Bacteria and Viruses
According to the Centers for Disease Control and Prevention, there could be as many as 12 million cases of waterborne acute gastrointestinal illness annually in the United States alone. These illnesses are frequently caused by bacteria, viruses and protozoa that make their way into the water supply. These contaminants can survive in the environment for months. Even state-of-the-art treatment plants cannot ensure that drinking water is entirely free of microbial pathogens. Bottled water may not offer any more safeguards against pathogens than tap water.
Chlorine Taste and Smell*
Chlorine is used as a disinfectant to kill harmful bacteria in water itself or the pipes that transport it. While chlorine in water is vital at the treatment plant and in the water distribution system, its benefits come with a cost. In addition to the bad taste and smell, it dries skin and hair, fades clothes and can shorten the lives of your appliances.
Cloudy Water (Turbidity)
Cloudy water is usually caused by dissolved or suspended solids. This condition can happen naturally or be caused by land disturbances such as construction, storms and urban runoff.
Earthy or Musty Taste and Smell*
These tastes and smells are usually the result of compounds released due to decayed vegetation and are typically associated with different forms of algae. While not toxic, they are unpleasant and can be offensive even at very low concentrations.
As water seeps through the ground during the water cycle, it dissolves calcium, magnesium and other minerals. When water has high amounts of minerals, it’s considered “hard.” Hard water results in scale build-up in pipes and on plumbing fixtures, mineral stains and spotting on glassware, and soap build-up on shower walls and doors. Hard water also results in using more detergents, shampoo and soap in order for them to be effective. Hard water can become costly due to scale formation in water heaters, dishwashers and coffee makers, adding to repair and replacement costs.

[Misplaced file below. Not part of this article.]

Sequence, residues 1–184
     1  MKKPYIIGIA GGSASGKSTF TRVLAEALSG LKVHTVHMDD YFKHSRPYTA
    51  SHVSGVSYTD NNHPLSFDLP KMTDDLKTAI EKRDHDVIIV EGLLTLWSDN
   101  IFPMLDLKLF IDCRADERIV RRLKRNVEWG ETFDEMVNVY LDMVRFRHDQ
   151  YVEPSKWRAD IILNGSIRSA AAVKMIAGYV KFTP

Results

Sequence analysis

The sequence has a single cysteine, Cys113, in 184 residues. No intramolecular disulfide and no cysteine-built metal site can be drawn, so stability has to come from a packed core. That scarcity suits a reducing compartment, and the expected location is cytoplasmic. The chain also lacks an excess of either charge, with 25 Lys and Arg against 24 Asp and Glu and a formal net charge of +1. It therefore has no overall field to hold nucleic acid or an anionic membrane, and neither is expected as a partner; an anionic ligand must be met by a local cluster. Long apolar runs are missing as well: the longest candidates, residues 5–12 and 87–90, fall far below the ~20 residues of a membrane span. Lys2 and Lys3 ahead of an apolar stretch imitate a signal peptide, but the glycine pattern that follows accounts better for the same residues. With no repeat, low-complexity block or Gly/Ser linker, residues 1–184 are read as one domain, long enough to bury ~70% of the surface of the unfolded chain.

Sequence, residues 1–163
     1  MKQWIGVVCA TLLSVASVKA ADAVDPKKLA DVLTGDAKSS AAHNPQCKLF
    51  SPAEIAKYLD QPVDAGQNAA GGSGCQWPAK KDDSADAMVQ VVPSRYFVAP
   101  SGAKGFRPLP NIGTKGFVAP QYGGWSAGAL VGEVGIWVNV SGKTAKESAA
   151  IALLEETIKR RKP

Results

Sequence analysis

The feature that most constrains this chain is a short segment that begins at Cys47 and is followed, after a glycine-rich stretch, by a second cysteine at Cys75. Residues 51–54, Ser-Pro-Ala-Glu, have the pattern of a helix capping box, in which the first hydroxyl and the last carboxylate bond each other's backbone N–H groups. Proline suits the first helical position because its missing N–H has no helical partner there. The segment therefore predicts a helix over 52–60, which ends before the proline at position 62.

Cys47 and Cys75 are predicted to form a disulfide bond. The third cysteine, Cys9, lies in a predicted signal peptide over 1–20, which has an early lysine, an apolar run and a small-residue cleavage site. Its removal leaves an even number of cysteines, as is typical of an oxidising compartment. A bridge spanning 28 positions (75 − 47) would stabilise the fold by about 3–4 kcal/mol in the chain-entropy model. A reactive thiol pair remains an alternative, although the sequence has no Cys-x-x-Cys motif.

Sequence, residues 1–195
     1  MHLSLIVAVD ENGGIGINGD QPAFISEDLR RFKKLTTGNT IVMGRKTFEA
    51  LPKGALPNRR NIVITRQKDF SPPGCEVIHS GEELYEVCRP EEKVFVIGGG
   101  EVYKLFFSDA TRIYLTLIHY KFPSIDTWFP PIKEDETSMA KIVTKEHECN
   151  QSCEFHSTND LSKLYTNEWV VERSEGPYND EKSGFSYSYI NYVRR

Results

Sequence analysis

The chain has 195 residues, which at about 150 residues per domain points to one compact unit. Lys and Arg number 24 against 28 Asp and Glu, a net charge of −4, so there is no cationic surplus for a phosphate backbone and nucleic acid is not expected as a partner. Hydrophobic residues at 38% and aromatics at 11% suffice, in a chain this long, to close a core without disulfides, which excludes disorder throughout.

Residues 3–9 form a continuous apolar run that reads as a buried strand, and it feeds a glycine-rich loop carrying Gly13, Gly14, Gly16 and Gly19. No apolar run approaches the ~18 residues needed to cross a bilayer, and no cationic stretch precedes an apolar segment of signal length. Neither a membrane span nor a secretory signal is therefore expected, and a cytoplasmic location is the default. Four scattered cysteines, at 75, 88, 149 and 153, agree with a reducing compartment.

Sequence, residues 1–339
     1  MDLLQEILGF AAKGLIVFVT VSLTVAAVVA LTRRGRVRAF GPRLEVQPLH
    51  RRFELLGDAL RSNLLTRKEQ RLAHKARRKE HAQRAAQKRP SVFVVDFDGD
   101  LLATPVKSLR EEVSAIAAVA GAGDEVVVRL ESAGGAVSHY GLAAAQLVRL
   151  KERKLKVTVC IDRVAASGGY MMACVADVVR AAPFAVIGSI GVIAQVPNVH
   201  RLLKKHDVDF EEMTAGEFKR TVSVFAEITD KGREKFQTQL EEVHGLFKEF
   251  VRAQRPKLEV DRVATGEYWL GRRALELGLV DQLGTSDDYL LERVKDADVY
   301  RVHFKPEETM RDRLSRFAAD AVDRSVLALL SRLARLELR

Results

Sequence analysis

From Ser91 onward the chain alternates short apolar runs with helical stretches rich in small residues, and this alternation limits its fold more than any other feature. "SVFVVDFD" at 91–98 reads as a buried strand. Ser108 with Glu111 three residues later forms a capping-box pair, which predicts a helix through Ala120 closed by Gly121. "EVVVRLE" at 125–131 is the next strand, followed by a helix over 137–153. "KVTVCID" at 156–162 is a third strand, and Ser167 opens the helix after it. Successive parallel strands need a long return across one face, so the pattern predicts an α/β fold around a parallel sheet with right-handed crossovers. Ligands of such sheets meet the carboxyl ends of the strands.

Iron and Low pH Staining
Iron can cause rusty-orange or black staining. Water with a low pH will show blue-green stains. You’ll see these stains frequently on clothes, fixtures, sinks, tubs, water-using appliances and toilets.
A metallic taste indicates the presence of metals such as iron, copper, manganese or zinc. Iron and manganese are often naturally occurring and are predominantly found in groundwater. Copper and zinc can come from an aging water distribution system or the corrosion of copper plumbing and brass fittings.
Rotten Egg Smell*
The smell of rotten eggs is usually a sign that your water contains hydrogen sulfide, a colorless corrosive gas. It can occur naturally deep in the ground or can be produced by sulfate-reducing bacteria. It can accelerate corrosion of metal parts in appliances. Because it is a gas, testing for it usually has to be performed onsite.
Calcium and magnesium are found in most water supplies; when the water enters your home and is heated, it forms a scale build-up. Scale is obvious on shower doors and fixtures, but it will also form in places you can’t see such as water pipes and hot water-using appliances.
*A Note About Problematic Water Tastes and Smells
In its pristine state, water is colorless, tasteless and odorless. If your water contains any odd tastes or smells, let us help you find out why – bring a water sample to us today and have it analyzed for free! Many people turn to bottled water as a solution for their poor drinking water conditions, but in the end bottled water is more costly to you and harmful to our environment on many l